Disease found in 66-million-year-old dinosaur tail that still affects humans today

Israeli researcher says find is a world first 

‘This is the first time this disease has been identified in a dinosaur,’ said lecturer Dr Hila May
‘This is the first time this disease has been identified in a dinosaur,’ said lecturer Dr Hila May

A disease which still affects people today has been discovered in the fossilised tail of a dinosaur that lived over 66 million years ago.

The discovery came after a tumour was found in the vertebrae of a young dinosaur which had been unearthed in Alberta, Canada.

Following a micro-CT scan of the tail in Tel Aviv, Israeli researchers created a reconstruction of the tumour.

They identified the disease as Langerhans cell histiocytosis (LCH), which is a rare condition that is sometimes classified as a cancer.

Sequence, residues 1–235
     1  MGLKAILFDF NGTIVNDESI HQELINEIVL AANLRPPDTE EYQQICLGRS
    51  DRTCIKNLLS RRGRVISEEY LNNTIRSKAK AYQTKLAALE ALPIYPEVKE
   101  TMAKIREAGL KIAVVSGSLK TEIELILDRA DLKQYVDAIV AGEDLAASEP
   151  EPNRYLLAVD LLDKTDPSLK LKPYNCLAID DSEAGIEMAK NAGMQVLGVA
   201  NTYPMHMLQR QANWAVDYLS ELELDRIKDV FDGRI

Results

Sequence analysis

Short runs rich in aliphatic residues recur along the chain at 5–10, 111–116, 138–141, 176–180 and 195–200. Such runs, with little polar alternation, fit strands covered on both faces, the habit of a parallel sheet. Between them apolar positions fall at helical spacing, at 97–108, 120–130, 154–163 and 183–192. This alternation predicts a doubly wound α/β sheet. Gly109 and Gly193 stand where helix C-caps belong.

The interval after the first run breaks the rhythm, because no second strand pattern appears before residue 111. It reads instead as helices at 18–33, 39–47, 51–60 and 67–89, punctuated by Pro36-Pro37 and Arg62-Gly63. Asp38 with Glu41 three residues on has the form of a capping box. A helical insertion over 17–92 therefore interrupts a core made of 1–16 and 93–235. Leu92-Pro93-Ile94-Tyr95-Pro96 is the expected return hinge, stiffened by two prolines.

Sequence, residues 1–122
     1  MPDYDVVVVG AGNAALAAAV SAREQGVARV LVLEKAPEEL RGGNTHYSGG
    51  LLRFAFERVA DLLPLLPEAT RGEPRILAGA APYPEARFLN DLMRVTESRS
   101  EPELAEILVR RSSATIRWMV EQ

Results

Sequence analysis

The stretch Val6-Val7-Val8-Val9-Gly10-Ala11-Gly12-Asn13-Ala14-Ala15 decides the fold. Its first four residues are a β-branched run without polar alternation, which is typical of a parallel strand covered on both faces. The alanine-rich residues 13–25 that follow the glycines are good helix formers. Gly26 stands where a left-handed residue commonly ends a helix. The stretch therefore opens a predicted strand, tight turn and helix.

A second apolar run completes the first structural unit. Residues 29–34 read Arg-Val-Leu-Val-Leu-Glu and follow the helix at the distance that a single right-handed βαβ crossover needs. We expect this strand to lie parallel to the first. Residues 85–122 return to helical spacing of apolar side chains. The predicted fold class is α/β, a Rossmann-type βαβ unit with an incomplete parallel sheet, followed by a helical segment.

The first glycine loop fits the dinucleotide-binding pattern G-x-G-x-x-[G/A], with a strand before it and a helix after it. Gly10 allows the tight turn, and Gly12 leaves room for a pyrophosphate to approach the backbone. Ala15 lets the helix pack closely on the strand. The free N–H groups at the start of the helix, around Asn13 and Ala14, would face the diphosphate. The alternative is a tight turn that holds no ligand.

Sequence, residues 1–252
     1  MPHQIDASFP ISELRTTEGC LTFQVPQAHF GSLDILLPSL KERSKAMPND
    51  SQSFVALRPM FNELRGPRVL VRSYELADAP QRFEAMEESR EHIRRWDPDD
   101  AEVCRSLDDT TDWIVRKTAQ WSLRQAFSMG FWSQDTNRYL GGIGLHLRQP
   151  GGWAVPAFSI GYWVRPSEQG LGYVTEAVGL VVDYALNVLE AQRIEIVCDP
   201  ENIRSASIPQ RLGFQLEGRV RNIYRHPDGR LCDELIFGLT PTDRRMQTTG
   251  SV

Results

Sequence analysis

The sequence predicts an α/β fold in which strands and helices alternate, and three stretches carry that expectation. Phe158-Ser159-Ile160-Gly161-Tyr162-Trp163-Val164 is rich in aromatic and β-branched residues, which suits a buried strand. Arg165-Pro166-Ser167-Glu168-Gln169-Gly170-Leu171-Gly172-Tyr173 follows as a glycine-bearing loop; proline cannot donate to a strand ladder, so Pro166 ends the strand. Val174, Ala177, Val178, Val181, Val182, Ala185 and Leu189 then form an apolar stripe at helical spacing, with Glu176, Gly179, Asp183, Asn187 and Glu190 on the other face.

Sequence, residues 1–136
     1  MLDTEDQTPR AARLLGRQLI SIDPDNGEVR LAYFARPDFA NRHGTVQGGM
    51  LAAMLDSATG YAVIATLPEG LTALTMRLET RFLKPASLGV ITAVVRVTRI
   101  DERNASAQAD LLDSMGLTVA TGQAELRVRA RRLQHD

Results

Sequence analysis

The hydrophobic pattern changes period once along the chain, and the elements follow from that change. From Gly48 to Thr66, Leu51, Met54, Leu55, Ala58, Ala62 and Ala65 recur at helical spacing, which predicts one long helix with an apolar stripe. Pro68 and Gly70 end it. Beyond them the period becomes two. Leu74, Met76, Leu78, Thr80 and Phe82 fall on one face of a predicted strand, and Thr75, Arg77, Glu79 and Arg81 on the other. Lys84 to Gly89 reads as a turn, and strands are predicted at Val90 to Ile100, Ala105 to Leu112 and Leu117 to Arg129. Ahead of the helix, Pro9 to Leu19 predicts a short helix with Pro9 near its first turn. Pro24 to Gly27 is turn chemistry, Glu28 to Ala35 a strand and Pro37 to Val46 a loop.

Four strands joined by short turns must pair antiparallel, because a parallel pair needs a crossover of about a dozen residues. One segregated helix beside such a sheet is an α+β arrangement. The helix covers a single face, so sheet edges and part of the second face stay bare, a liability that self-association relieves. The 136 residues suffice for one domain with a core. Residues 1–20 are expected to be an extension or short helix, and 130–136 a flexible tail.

According to the NHS, LCH is an “unusual condition” which displays “some characteristics of cancer.”

It is also recognised as a cancer by the National Cancer Institute, a US government agency.

Dr Hila May, a lecturer in anatomy and anthropology at Tel Aviv University, said large cavities in two sections of the dinosaur’s vertebrae were “extremely similar” to those produced by LCH.

Dr May said that further analyses confirmed it was LCH, adding: “This is the first time this disease has been identified in a dinosaur.”

The researchers think their findings could help the study of evolutionary medicine, which looks at the behaviour and development of diseases over time.

Israel Hershkovitz, also of Tel Aviv University, said: “We are trying to understand why certain diseases survive evolution with an eye to deciphering what causes them in order to develop new and effective ways of treating them.”

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